The Demise of the ‘Big Man’ in the NBA

Pau Gasol is an underrated all-around player who has drawn comparisons to Kevin McHale, and is the perfect sidekick to Kobe Bryant. However at this age, what you see is what you get and he likely won’t improve much more throughout the rest of his career.

June 13, 2010 - Boston, MASSACHUSETTS, UNITED STATES - epa02200618 Los Angeles Lakers center Andrew Bynum makes a slam dunk in the first quarter of the NBA Finals Game Five at the TD Garden in Boston, Massachusetts, USA, 13 June 2010. The best of seven series is tied at two apiece.

Andrew Bynum is the other piece to the puzzle for the LA Lakers. In his first two seasons in the league (as an 18 and 19 year old), Bynum played sparingly. He got a few minutes here and there and mostly rode the bench as a backup to Kwame. But in the little playing time he did get, here’s what I noticed:

He’s big and athletic. Legitimately 7 feet tall with a long wingspan and strong build, he has the size to be an all-star center. As a rookie (and before his injury problems), I actually thought Bynum was an extremely explosive player. Not quite on the level of Dwight, but I’d put him closer to Tyson Chandler than Eddy Curry. He’s got a quick enough second hop and he can explode for alley oops.

He’s got good hands and feet. Unlike Kwame, I immediately noticed Bynum gobbles up almost every pass thrown his way. His footwork was still something to be desired, but he’s light on his feet and has potential for improvement.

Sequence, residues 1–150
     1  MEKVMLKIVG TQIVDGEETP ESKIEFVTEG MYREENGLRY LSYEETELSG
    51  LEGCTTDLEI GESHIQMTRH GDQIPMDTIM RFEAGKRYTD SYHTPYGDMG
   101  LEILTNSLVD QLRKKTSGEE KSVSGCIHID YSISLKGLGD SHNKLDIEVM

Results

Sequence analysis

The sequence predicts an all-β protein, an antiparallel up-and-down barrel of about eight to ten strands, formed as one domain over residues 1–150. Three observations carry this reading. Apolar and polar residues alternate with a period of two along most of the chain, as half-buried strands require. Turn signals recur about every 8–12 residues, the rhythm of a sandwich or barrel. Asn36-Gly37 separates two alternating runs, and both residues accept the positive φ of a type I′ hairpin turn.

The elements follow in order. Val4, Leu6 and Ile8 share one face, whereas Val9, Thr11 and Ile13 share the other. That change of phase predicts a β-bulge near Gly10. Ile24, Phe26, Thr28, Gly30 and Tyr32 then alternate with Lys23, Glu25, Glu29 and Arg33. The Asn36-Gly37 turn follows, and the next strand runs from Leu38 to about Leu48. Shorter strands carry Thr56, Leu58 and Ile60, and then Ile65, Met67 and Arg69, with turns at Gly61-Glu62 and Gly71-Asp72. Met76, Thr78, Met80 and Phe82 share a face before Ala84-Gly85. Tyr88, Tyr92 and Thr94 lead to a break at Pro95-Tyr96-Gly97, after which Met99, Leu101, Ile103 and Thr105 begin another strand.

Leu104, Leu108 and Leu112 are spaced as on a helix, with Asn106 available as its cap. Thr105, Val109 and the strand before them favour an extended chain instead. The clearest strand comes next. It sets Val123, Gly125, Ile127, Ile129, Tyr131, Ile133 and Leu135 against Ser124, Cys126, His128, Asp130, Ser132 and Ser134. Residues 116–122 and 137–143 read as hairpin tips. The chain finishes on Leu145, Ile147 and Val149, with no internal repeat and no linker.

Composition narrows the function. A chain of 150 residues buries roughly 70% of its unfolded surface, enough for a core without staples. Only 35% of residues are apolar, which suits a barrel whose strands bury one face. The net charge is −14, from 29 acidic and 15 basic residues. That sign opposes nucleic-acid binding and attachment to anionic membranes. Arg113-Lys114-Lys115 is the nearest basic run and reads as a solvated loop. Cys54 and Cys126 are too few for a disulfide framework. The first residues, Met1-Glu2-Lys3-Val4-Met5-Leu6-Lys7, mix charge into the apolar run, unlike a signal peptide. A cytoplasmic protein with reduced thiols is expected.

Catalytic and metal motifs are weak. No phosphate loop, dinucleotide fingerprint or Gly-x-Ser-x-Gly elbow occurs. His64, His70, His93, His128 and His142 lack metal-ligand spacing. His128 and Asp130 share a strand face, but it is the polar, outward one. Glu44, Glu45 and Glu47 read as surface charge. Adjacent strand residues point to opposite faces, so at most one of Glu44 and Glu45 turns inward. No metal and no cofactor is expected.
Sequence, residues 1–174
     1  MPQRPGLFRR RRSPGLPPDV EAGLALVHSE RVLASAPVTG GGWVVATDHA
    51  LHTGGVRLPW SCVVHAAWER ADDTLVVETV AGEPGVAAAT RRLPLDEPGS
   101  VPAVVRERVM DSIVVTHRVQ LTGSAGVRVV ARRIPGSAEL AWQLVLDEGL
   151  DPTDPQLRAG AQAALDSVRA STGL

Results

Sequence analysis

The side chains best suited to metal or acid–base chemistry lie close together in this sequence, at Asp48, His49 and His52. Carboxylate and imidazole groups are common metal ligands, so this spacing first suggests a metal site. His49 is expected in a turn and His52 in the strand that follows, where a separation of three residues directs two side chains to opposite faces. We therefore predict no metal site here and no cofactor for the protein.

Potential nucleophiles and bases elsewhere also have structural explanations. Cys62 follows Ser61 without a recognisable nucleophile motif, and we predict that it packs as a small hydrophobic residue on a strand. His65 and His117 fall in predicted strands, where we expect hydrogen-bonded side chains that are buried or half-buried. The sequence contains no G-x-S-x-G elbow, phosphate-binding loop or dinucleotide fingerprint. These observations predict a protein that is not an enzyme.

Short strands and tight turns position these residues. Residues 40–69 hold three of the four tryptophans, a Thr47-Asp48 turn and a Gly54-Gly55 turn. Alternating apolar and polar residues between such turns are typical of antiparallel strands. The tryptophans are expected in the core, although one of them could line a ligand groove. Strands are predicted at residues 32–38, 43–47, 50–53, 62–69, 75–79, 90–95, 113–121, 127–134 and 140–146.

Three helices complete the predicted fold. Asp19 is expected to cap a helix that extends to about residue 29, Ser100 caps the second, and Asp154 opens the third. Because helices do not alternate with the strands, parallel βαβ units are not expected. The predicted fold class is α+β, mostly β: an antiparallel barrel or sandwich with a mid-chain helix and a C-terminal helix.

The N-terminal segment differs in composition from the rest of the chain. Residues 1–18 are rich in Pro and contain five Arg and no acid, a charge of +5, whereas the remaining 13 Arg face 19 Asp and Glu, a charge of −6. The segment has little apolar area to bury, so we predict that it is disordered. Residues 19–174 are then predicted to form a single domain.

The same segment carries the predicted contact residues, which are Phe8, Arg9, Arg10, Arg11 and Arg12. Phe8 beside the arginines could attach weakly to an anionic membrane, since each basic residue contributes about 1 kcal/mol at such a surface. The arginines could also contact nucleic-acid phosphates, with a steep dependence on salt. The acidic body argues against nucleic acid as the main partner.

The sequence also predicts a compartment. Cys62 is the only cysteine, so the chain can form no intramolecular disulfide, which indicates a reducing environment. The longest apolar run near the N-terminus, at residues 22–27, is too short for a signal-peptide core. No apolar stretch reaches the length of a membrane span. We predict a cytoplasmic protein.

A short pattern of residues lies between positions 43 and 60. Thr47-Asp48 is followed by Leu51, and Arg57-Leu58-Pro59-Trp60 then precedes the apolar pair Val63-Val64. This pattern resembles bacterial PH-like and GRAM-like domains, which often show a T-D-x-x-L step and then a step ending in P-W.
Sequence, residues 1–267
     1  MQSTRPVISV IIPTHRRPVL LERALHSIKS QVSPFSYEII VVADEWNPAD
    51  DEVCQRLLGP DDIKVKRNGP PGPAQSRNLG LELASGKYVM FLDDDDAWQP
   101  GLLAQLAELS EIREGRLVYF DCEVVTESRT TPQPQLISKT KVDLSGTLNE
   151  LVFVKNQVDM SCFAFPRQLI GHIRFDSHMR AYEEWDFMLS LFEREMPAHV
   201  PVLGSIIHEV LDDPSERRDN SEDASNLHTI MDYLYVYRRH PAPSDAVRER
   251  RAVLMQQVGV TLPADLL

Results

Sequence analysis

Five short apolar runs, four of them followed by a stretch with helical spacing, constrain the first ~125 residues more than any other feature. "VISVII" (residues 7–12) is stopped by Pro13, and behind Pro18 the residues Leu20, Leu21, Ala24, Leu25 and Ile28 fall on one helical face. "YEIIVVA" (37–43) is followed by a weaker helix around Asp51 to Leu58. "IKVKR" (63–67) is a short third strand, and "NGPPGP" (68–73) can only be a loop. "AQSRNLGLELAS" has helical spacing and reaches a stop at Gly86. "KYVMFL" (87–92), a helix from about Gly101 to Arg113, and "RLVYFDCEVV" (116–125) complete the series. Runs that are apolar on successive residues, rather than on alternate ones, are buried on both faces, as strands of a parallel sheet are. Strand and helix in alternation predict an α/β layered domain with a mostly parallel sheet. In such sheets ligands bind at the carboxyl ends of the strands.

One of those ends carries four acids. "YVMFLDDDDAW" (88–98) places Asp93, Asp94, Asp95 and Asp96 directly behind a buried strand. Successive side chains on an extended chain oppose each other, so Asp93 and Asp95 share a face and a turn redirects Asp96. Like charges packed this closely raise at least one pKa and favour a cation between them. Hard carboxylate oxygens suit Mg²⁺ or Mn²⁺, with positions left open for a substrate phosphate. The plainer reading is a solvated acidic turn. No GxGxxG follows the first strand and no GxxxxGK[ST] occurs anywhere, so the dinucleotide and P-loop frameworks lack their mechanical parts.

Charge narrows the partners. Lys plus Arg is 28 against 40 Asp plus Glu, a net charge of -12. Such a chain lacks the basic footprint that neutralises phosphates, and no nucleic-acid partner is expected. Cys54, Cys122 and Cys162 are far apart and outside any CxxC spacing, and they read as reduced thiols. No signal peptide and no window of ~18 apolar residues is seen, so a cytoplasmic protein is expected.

He’s raw, but he has good touch around the rim. I don’t wanna keep bagging on Kwame (no really, I don’t), but every time Kwame caught the ball down low and squeezed off a shot, I felt like he was either rushing it, not aiming, or both. He rarely threw up a shot which went above the rim, bounced around, and then dropped in.

In fact, for some reason I have memories of Kwame tossing up layups which bounced off the backboard and didn’t even hit the rim. Bynum’s the opposite—he tosses his shots up lightly and they all have a decent chance of dropping in.

I’m just gonna go ahead and say it. He’s no kitty cat. This is probably the biggest factor that kept Kwame from being a good player. Both Michael Jordan and Phil Jackson had called him out on it before. Although Bynum isn’t Shaq or even Dwight for that matter, he’s a lot more aggressive than Kwame ever was. (It’s the same knock on Yao, although Yao’s talented enough to score with his finesse moves. Besides, Yao has gotten better over the years, sorta).

Over the next two years or so, I saw the breakthrough of Bynum as he went from a “wasted lottery pick” to an extremely talented player with loads of potential and nearly limitless ceiling. He went from being a no-name to gradually becoming more and more hyped to the point where he was overhyped and everybody was talking about him carrying on the legacy of great Lakers centers.

Now? I think he’s judged at about the right level. He still has the potential to be a great all-star player, but he’s more likely to be one of those fringe players who’s a great starter and makes the all-star team every now while averaging 18-10 than a superstar center that drops 25-12.

He still has many holes in his game, on offense he has yet to develop counters to his go-to moves, he rarely overpowers defenders even when he has smaller players guarding him, his footwork and passing are mediocre, he doesn’t utilize fakes, he doesn’t re-post if the first post is unsuccessful, and most importantly he often doesn’t react to what the defense gives him.

Next: The Development of the Next Great Center…

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